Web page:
5 social entrepreneurs leading innovation in the last mile logistics space in Europe.

5 social entrepreneurs leading innovation in the last mile logistics space in Europe.

October 1, 2020

Fully Charged workshop in London

As consumers, we are constantly demanding more. We want faster delivery, logistics and services to our door. To satisfy this demand, there is a huge focus in the investing space on “last mile” - finding the cheapest and most efficient way to serve the furthest to reach places. The last mile is the most expensive and time-consuming part of the delivery process - meaning it holds the largest room for innovation.

But during a pandemic, when delivery services are more important than ever, it’s vital that the sector benefits everyone - not just the lucky person receiving their package! In such an unregulated field, delivery workers face some of the poorest working conditions. How do we secure worker’s rights and stop the further pollution of our cities and the degradation of our environment? Let’s take a look at five of the most innovative social entrepreneurs building the logistics social businesses of the future.

🚴‍♀️ K-Ryole, France 🚴‍♀️


What do they do? K-Ryole develop smart electric bike trailers that can carry up to 250 kilos behind a bike without any effort from the rider. They can be used for heavy deliveries without the need for a polluting engine! The business is currently producing 5 different models with specifications for cooling and bulk delivery.

Why is it exciting? The fact you can simply clip on the trailer to the back of your bike and it means the rider’s carrying capacity is hugely increased. It’s such a simple idea (backed by some complex mechanics) that saves a huge amount of energy!

📦 Carton Plein, France. 📦


What do they do? Starting eight years ago in the North of Paris, this social enterprise offers a broad spectrum of eco-friendly services around removals while helping vulnerable people get back to the job market. Carton Plein collects, cleans, and reuses old cardboard boxes that customers can then buy online or purchase as part of a whole removal package, performed by bike. This is a powerful combination of circular economy principles and socio-professional inclusion, realised via tailored, on-the-job training for people excluded/distant from the job market

Why is it exciting? This business model is totally inclusive, managing to address customers' pain point in both social and sustainable way, - this is what the future of business should look like!

🚐 XYT, France 🚐


What do they do? XYT develops ultra-functional and modular electric vehicles. Their tertris vans are highly flexible and easily repairable - according to XYT’s research, yearly maintenance costs are cut by more than half compared to a diesel light commercial vehicle. Similar to a smartphone, the car has a multitude of business applications from a delivery truck, a food truck, a pick-up, a workshop or even an ambulance!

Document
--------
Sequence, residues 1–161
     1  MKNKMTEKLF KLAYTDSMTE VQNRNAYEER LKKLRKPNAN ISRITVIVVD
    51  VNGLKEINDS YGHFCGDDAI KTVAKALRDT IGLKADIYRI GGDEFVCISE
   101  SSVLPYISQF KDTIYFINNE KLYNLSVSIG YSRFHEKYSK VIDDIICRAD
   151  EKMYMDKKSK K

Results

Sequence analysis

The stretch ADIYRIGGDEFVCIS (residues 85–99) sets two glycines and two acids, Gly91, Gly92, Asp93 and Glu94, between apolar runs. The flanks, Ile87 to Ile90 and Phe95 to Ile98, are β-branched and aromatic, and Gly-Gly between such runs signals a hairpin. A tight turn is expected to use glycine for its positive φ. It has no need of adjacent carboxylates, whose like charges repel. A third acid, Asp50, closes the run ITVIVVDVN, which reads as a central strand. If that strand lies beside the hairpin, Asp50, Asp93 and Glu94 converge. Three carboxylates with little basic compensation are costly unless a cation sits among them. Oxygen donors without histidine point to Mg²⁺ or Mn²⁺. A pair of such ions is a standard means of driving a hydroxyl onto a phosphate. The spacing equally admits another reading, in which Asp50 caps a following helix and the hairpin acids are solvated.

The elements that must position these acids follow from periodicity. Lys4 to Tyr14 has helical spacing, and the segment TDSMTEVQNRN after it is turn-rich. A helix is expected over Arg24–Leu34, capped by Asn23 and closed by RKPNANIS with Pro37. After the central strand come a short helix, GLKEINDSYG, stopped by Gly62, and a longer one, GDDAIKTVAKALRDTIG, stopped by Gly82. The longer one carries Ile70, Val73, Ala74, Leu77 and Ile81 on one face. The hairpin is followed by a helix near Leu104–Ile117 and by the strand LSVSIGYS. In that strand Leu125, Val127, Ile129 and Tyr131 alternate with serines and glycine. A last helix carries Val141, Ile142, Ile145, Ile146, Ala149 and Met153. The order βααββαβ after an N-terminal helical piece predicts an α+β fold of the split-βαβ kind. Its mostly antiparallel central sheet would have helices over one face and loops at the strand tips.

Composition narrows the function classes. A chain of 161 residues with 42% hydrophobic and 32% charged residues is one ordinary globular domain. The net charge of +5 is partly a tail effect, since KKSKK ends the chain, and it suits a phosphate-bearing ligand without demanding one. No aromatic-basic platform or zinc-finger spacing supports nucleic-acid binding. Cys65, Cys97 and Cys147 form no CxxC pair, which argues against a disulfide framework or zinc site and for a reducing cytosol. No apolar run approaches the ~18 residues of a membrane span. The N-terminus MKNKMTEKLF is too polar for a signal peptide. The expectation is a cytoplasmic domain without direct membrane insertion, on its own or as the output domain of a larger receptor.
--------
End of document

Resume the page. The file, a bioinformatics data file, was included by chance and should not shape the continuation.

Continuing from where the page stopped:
Why is it exciting? You can customise the vehicle like Lego to suit your usage and they are built to last - with an inclusive economy in mind. The lightweight car is delivered as a kit made of only 600 parts (at least 10x less than a standard electric car) where the customer can choose the size, colour and shapes.  

Simon Mencarelli, Co-Founder of XYT brainstorming at the MAN Truck & Bus Headquarters

🙎‍♂️ Koiki, Spain 🙎‍♂️


What do they do? Koiki saw an opportunity to improve the inefficient urban delivery services and bring the maximum number of jobs to vulnerable communities. Their inclusive and sustainable last-mile delivery network has three important goals:

i) Provide jobs for marginalised individuals in the last mile delivery of goods, helping them to acquire skills

ii) Cut CO2 emissions in cities, by delivering the goods mainly on foot or bicycle

iii) Follow a sustainable economic model so they can scale their impact and create more empowering opportunities for the marginalised

Why is it exciting? Research suggests people with disabilities are half as likely to find a job. But Koiki are training and working with hundreds of ‘Koikos’ delivering around 12,000 parcels per month, from 40 Koiki Centers in 20 different cities across Spain. Even better, 70% of Koiki deliveries are on foot, 20% by bike and 10% by electric car (only for the too far or heavy parcels).

🚴🏿 FullyCharged, UK. 🚴🏿


What do they do?

The business raises awareness of electric bikes and their benefits to counteract the unprecedented levels of traffic congestion and pollution in our cities. They see the e-bike as the obvious answer to solving these problems.

Why is it exciting? The London-based independent e-bike retailer was offering free e-bikes to NHS workers for three months. To help key workers in need to travel to work in a safer way than on public transport.

It’s so important to champion businesses imagining the new economy we want to live in. Want to see more examples of social innovation and entrepreneurship in larger companies? Check out our Business As Unusual research project.

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